Parliament considers that the Union and its Member States should, above all, address the root causes of migration and integrate the issue of unaccompanied minors into development cooperation, thus contributing to the creation of safe environments for children to grow up in their countries of origin. The Commission should, moreover, ensure that the status of ‘legal guardian’ in the EU and partner countries is strengthened and draw up a monitoring plan in cooperation with countries of origin and any transit countries in order to ensure that the child is properly protected after returning to and being reintegrated into the country of origin.

Fragmented measures: Parliament regrets the fragmentation of the European provisions concerning unaccompanied minors and urges the Commission to compile a handbook drawing together these various legal bases, addressed to Member States and to all practitioners, in order to facilitate proper implementation by Member States. It also wants more targeted information and statistics in this field.

Parliament calls in particular for:

the stepping-up of cooperation with third countries of origin and transit concerning unaccompanied minors in a series of fields, such as the care of minors but also the prevention of their exploitation; the coherent development of EU policies on immigration, asylum and children’s rights taking due account of their impact on developing countries; the integration of child protection and the issue of unaccompanied minors into development and cooperation policies; public awareness-raising campaigns in the countries of origin, transfer and destination of unaccompanied minors on the risks related to child migration, and particularly on the exploitation of minors and organised crime; greater vigilance and more effective implementation of the existing texts ( Directive 2011/36/EU on preventing and combating trafficking in human beings and protecting its victims, Directive 2011/93/EU on combating the sexual abuse and sexual exploitation of children and child pornography and Directive 2012/29/UE establishing minimum standards on the rights, support and protection of victims of crime); strengthened police and judiciary cooperation, including with third countries, to deal with the growing problem of child trafficking.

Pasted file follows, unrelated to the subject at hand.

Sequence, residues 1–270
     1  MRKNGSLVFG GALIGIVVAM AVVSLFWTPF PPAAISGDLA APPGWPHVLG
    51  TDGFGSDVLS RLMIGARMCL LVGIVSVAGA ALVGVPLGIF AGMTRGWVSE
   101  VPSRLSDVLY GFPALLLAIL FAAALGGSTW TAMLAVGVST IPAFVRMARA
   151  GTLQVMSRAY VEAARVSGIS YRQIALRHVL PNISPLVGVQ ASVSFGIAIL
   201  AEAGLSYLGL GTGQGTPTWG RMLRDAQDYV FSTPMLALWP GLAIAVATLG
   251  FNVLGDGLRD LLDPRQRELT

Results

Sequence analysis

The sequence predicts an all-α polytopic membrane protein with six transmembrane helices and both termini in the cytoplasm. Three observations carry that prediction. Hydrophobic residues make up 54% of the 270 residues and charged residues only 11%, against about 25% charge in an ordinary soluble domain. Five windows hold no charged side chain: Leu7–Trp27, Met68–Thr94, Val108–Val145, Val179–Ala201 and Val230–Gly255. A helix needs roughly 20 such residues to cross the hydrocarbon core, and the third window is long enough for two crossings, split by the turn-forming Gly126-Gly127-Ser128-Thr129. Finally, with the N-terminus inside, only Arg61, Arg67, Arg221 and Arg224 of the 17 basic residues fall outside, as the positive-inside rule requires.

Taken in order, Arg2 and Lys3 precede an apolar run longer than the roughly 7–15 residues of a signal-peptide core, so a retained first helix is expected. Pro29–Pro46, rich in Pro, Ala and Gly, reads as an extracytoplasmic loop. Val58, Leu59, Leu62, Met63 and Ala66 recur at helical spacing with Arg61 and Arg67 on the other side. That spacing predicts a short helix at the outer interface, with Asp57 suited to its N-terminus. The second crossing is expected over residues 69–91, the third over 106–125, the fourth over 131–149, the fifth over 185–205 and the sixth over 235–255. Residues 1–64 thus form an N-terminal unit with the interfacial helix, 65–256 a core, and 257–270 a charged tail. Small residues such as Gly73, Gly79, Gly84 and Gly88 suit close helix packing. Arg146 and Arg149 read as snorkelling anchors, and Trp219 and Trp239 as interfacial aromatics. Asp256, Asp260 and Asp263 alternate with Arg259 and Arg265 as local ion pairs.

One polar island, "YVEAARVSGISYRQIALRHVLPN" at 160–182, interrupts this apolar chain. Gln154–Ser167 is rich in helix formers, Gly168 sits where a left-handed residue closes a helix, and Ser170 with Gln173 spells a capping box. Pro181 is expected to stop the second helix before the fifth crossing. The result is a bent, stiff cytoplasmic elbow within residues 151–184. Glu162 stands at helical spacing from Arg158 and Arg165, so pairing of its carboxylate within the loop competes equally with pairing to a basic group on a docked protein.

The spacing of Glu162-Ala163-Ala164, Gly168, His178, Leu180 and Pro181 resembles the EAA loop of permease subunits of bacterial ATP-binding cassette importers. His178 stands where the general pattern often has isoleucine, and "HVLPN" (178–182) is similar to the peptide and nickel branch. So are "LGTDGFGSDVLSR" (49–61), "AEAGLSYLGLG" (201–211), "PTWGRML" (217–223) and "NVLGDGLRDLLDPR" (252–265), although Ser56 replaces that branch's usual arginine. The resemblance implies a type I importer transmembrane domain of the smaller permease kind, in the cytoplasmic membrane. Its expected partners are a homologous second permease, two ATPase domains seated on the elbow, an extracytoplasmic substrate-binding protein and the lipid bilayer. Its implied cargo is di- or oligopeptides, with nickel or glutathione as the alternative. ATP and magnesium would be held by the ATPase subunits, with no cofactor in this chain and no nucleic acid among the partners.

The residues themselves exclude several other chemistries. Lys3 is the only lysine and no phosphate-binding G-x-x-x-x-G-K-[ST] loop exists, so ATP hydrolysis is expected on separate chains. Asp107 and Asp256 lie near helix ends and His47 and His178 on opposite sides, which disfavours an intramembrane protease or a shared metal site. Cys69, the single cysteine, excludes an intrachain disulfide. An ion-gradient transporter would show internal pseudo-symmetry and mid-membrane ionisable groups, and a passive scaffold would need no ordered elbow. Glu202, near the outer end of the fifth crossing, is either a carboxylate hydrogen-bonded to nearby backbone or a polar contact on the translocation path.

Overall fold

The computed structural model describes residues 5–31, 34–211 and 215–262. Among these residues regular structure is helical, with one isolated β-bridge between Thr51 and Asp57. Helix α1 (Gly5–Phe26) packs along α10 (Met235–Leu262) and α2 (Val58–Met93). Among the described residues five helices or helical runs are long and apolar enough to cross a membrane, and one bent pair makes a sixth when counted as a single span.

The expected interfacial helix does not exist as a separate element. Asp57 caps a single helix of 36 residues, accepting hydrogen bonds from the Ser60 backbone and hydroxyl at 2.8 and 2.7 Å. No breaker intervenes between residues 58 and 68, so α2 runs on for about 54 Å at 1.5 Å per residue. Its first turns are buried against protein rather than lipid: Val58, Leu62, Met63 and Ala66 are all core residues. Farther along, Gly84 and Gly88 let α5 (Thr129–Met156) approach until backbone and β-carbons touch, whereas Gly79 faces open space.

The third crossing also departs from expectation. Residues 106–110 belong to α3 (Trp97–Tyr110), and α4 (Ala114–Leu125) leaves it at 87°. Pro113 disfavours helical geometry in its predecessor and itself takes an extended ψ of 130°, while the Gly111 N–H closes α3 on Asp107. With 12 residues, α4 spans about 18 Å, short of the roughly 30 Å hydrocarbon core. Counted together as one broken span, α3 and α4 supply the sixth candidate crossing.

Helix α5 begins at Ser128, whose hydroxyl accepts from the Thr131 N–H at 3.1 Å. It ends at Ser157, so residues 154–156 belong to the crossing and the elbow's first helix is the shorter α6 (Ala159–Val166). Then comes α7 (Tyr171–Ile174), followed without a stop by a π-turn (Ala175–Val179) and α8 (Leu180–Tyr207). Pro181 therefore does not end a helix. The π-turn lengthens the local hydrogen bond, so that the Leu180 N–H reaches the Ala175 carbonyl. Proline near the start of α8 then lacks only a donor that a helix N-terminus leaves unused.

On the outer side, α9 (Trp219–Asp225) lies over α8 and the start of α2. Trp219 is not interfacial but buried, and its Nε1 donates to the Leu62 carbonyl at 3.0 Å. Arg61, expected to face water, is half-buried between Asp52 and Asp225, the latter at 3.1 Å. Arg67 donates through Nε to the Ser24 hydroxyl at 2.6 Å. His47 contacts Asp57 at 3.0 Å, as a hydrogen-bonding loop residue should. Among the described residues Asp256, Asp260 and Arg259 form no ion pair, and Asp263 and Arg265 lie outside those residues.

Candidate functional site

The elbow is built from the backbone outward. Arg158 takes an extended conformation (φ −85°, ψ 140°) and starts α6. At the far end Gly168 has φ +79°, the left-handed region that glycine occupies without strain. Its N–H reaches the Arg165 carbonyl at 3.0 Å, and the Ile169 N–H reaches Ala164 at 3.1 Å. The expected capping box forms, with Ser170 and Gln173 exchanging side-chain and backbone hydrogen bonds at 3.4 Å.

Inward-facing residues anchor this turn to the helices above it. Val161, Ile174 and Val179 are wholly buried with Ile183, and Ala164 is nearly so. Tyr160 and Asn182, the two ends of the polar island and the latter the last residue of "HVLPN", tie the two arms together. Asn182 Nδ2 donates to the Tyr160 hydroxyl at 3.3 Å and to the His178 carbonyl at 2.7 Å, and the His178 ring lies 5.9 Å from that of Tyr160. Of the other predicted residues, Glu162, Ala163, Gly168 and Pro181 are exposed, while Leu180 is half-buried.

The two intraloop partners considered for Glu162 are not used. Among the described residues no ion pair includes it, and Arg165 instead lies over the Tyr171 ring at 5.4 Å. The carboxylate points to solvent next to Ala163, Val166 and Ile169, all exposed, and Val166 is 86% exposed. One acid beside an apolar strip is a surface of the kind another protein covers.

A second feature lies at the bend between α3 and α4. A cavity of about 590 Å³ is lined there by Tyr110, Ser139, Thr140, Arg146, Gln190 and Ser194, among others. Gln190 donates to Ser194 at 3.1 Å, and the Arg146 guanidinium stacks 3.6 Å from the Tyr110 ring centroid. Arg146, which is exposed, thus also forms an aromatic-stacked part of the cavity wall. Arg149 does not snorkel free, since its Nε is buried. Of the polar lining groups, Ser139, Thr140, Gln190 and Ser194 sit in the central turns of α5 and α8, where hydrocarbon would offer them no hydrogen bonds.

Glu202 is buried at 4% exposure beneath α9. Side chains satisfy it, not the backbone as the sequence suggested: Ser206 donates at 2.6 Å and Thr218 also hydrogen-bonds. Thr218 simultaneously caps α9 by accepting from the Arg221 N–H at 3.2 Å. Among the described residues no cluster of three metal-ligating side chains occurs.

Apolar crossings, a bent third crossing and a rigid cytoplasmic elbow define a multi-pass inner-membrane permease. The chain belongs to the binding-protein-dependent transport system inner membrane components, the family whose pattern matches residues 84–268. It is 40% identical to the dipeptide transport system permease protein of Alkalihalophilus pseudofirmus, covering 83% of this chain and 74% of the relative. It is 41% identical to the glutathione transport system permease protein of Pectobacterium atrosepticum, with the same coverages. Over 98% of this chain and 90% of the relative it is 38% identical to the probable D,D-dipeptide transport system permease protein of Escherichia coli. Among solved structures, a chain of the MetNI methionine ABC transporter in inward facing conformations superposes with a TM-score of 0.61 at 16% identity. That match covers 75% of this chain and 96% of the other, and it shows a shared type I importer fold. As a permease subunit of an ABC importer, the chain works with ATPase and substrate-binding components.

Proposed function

Noting that the arrival of a large number of minors is as a result of forced marriages , Parliament also calls on the European Union to take action to combat this phenomenon.

More funding: Parliament calls on the Commission to take specific account of unaccompanied minors in the European Asylum and Migration Fund in order to afford long-term guarantees concerning the protection of children, including in relation to the sections concerning refugees, asylum seekers, the external borders and return, and in the European Social Fund. All staff with a responsibility for children (border guards and police authorities) should receive appropriate training.